Johnson & Johnson (J&J) has unveiled the name and branding of its upcoming standalone consumer health company as Kenvue, which is set to launch in 2023.
Aveeno, Neutrogena, Johnson’s, Tylenol and Dr.Ci:Labo are among the brands to be included in the new consumer division’s portfolio.
The personal care goliath said the name was inspired by the words ‘ken’, meaning knowledge, an English word primarily used in Scotland, and ‘vue’, referring to sight.
“Unveiling the Kenvue brand is a defining moment for our stakeholders and an important part of the planned separation,” said Thibaut Mongon, CEO Designate for Kenvue.
“We breathe life into some of the world’s most iconic and beloved brands every day, so we harnessed that same expertise, love, and energy into developing our new corporate identity.”
J&J originally announced plans to separate its consumer health arm into a new publicly listed company in November 2021.
At the time J&J said this would allow its consumer business to deliver better innovation and accelerate growth for its brands.
The company’s consumer health segment generated revenues of US$14.6bn in 2021.
Following the planned separation, J&J said Kenvue is anticipated to generate sales in over 100 countries, driven by “world-class innovation capabilities”.
“Today’s announcement is another milestone for the consumer health business,” added Joaquin Duato, CEO of Johnson & Johnson.
“Kenvue is poised to thrive as a standalone company with a leading portfolio of brands consumers love and trust. I’m confident in this team and excited to see what the future holds.”
A fresh start?
J&J has been embroiled in numerous controversies in recent years, the largest of which includes allegations that its cosmetic talc contained asbestos and caused ovarian cancer and mesothelioma.
The personal care company, at present, is facing more than 34,000 lawsuits based on the accusations.
This all came to a head in August 2022 after J&J announced plans to end all global sales of its talc-based baby powder in 2023, marking the end of a 100 year era for its most iconic product.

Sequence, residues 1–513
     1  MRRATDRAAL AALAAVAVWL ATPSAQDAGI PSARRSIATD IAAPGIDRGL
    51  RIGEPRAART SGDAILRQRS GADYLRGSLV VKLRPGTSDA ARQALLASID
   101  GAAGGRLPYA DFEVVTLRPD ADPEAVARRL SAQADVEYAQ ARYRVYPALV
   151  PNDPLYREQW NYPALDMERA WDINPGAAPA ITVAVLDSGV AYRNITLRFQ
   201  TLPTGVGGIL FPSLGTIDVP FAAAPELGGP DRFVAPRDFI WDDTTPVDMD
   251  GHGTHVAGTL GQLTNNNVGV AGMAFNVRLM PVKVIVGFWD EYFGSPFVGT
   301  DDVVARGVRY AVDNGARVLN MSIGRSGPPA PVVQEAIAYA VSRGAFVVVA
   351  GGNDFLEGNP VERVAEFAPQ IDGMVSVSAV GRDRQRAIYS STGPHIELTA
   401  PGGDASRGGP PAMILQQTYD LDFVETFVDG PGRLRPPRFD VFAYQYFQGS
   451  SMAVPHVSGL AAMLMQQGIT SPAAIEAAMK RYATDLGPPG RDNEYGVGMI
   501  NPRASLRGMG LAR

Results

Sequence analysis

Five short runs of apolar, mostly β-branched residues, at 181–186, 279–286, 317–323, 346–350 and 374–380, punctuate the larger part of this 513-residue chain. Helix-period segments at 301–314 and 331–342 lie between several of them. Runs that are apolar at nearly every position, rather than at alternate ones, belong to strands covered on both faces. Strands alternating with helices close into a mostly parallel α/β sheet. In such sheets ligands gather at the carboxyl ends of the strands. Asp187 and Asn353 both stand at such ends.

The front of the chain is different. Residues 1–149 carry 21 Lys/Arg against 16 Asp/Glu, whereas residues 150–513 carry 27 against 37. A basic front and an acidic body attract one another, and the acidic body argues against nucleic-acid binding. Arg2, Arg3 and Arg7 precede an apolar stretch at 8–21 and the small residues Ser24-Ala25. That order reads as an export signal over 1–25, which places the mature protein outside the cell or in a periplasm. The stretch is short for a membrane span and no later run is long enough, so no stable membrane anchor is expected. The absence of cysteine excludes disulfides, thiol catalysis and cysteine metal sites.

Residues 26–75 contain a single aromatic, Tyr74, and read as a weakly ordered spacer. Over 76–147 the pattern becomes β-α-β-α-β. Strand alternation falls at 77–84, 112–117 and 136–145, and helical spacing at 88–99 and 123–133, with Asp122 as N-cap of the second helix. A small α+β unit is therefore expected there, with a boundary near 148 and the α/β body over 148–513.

The personal care goliath will instead transition to an all cornstarch-based baby powder portfolio instead, following an assessment of its worldwide product range.
“This transition will help simplify our product offerings, deliver sustainable innovation, and meet the needs of our consumers, customers and evolving global trends,” a spokesperson for J&J said at the time.
Two years prior, the healthcare giant halted all sales of the baby powder in North America over the health-related claims, but continued to sell the product internationally.
But the controsvery persisted, after J&J was faced with an attempt to force shareholders to vote to withdraw its talc from store shelves globally in February 2022.
Tulipshare, a UK investment platform which allows customers to pool shares in order to meet the threshold to submit resolutions for shareholder votes, submitted a proposal to J&J demanding the termination of global sales of the company’s talc-based powder.
J&J has vigorously denied that any of the talc-related claims against it have any merit.
However, with the planned separation of its consumer health segment, the company appears to be distancing itself from the recent scandals.
This was also seen with the launch of J&J’s new baby care brand, Vivvi & Bloom, in July this year.
In what appeared to be an effort to quell consumer worries surrounding its products, J&J emphasised that its baby brand was certified by the Environmental Working Group (EWG).
EWG is an American activist group that launched in 1993 that assesses the chemicals found
within consumer products in the cosmetics and agricultural sectors.
The group’s seal of approval means products contain natural and safe ingredients, according to the EWG.
Only time will tell if the rebranding efforts will be welcomed by consumers, giving J&J the fresh start it seems to desperately need.